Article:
I was ten years old when I found out there was no Santa Clause. I used to be terribly embarrassed by that fact because all of my wiser, more mature friends had known long before they hit double digits. But now I look back at that- that ten years of believing so fiercely that whatever doubt may have been introduced in my mind by my peers was almost instantly dismissed because I refused to let go of something so magical- and I am proud of who I was. I was a little girl who didn't just love fairy tales and magic creatures and science fiction and fantasy and all the other things of that nature. I was a little girl who believed.
I believed in magic. Maybe not with wizard hats and magic wands- but in the quiet, invisible kind. That electricity underneath the static of life that you could only hear humming if you stopped listening to all the people telling you to pay attention. That possibility of something extrodinary, something oustide the bounds of reality that only the true believers can see.
I believed in love. Maybe not TRUE LOVE like in The Princess Bride or love at first site. But in the humble, almost unnoticeable kind that exists between two people who choose to spend their lives together. Who grow and change together. Who become better people because of each other.
I believed in greatness. Maybe I wouldn't grow up to become the famous author I dreamed of being when I was really young. The one who would write a book so good that not only would it remain famous for centuries after its publishing, but it would even crack its way into High School lit class cause no one could argue that it didn't need to be taught. But I would do something. Something important. Something that would last in some way long beyond my years of life and have a bigger impact than I could foresee while living.
I believed in these things so wholeheartedly that I refused- vehemently, passionately, rebelliously refused- to give up on them. Even after my family started to unravel when I entered adolescence. Even after High School proved far more rejecting than any of my childhood imaginings could have possibly prepared me for. Even after my first relationships proved that all the ideals I held about being in love had nothing- NOTHING to do with reality. Even after life got hard.
I still believed, I still held out hope. Partially because I went to a college that encouraged its students to hold onto those beliefs. We were supposed to be great. We were supposed to be artistic. We were supposed to be revolutionarily creative. SO many that had come before us were, why couldn't we be?
I entered my adult life with some fear, but a lot of hope. Hope that my dreams could still come true. Not the way I imagined them. More real somehow. But that they could come true.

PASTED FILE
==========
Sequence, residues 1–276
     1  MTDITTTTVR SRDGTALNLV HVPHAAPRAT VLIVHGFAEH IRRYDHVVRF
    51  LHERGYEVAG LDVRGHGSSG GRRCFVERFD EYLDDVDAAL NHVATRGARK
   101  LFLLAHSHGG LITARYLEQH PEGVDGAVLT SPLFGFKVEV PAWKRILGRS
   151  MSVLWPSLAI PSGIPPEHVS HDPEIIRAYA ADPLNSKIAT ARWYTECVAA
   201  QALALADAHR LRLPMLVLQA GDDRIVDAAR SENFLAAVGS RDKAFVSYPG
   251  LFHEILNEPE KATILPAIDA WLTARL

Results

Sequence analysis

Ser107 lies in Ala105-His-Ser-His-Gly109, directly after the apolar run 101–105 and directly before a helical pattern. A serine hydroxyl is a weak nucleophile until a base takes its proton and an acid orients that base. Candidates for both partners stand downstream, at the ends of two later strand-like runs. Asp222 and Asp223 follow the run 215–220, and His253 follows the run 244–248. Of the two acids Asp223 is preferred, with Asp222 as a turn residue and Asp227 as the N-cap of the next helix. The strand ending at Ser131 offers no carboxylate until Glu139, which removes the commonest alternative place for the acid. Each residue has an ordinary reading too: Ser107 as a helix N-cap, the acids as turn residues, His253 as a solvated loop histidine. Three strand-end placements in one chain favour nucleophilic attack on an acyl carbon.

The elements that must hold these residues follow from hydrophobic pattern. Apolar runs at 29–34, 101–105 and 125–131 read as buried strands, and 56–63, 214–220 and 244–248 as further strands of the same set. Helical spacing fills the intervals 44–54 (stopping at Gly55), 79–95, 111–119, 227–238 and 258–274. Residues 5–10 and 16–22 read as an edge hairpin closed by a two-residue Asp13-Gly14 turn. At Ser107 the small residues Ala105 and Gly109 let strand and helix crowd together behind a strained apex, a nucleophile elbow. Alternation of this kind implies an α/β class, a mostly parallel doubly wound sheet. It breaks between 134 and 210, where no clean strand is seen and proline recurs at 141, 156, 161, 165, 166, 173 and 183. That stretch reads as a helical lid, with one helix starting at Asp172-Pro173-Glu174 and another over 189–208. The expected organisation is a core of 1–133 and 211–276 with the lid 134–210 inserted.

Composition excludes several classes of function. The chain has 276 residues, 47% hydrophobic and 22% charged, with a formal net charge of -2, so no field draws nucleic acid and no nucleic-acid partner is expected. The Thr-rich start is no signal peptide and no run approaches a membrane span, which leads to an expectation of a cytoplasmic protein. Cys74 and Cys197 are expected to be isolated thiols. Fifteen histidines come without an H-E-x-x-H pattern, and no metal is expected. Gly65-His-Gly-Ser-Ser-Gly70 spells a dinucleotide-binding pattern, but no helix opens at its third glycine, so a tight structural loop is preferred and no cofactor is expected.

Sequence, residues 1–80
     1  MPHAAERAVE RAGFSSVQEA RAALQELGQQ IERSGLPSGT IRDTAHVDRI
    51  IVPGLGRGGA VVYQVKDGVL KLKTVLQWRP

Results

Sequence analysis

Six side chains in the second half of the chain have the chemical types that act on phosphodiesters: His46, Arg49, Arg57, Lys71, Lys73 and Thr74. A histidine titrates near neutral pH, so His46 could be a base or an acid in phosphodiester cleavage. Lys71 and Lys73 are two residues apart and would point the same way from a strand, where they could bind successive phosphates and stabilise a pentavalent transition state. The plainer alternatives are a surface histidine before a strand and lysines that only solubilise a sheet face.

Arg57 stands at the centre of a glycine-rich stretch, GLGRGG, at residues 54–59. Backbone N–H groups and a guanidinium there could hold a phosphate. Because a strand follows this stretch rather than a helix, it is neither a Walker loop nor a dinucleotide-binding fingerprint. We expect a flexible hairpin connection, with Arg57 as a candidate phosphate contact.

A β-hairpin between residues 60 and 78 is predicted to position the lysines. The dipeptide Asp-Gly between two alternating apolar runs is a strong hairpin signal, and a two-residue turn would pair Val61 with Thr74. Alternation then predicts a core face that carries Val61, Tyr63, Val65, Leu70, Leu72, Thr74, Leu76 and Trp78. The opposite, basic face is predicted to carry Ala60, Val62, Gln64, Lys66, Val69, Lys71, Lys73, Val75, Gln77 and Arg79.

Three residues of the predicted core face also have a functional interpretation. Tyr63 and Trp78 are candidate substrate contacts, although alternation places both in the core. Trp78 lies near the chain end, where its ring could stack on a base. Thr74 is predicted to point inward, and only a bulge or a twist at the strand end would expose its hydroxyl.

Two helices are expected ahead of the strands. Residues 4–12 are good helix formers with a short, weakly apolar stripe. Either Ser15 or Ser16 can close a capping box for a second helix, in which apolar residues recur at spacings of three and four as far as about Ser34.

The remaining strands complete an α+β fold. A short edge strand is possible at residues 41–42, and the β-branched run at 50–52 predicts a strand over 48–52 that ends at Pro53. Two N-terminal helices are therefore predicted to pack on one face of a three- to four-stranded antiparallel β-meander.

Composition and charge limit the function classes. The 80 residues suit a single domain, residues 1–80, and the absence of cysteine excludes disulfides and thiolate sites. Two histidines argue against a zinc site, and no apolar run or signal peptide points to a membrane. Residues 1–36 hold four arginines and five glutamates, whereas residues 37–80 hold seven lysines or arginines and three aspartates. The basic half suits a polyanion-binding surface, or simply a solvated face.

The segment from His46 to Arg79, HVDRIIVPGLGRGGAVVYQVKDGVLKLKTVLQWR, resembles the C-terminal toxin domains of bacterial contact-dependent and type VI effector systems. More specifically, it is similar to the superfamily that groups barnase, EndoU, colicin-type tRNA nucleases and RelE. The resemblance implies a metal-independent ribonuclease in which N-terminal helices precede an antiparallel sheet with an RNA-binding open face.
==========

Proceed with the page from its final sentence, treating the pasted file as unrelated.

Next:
I'm losing that hope now. I'm losing those beliefs. Magic? Only in the movies, only in stories and books and graphic novels. That's why that fierce creativity is so damned important- because being able to live in that world long enough to write it takes a willful forgetting of everyday life. Love? Sure, it happens. But it happens with palimony agreements and mortgage payments and years without sex while you raise kids and lots and lots of therapy. And that's if you're lucky. Greatness? Read my past few blog posts and you'll see that that belief is firmly dead, replaced by a generalized moroseness that I can't seem to shake.
Sometimes when I'm walking out among the trees, listening to the wind, feeling the hairs on my arms pick up the temperature so I can feel it deeper than skin level I remember that little girl. So full of dreams, so firm in her beliefs, so full of potential. I remember her, but I don't feel her anymore. I can't lose myself in that childhood world view and allow myself to fantasize the way I used to. There's always something pulling me back to reality and a voice chastising me for being so silly and wasting time when there's work to be done.
I work with crazy people. Not neurotic "I have relationship issues" or "I drink too much" people but "I think you have a camera implanted in your forehead to record my thoughts" kind-of people. My boss talks about how scary it must be for them. To lose touch with reality, to be unable to distinguish what is real. Part of me- the logical part- agrees with her. I can't imagine how frightening it is. But another part of me can't help but wonder if maybe, in some ways, they're the lucky ones. Sure, they'll never have what we call a normal life- jobs and mortgages and marriages and teacher conferences. But they don't have that voice telling them that this can't be real, either. They can be lost in that other world. Scary at times, isolated, uncontrollable. But maybe, just maybe, magic.